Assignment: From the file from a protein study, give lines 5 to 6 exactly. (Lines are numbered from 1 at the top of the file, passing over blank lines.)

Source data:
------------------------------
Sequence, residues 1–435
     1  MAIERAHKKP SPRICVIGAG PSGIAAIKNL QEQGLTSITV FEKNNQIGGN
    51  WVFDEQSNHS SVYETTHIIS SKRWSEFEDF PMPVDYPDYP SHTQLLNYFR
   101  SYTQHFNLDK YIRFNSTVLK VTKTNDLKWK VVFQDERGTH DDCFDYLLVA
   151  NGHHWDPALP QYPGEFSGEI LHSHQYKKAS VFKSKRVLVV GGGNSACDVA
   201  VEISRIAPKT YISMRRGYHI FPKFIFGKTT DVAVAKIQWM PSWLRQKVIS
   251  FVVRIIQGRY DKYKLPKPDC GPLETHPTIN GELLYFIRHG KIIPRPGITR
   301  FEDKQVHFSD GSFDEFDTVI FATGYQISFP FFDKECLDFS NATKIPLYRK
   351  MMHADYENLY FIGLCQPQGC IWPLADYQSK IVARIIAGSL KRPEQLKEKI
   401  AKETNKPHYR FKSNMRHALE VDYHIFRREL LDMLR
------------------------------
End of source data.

   151  NGHHWDPALP QYPGEFSGEI LHSHQYKKAS VFKSKRVLVV GGGNSACDVA
   201  VEISRIAPKT YISMRRGYHI FPKFIFGKTT DVAVAKIQWM PSWLRQKVIS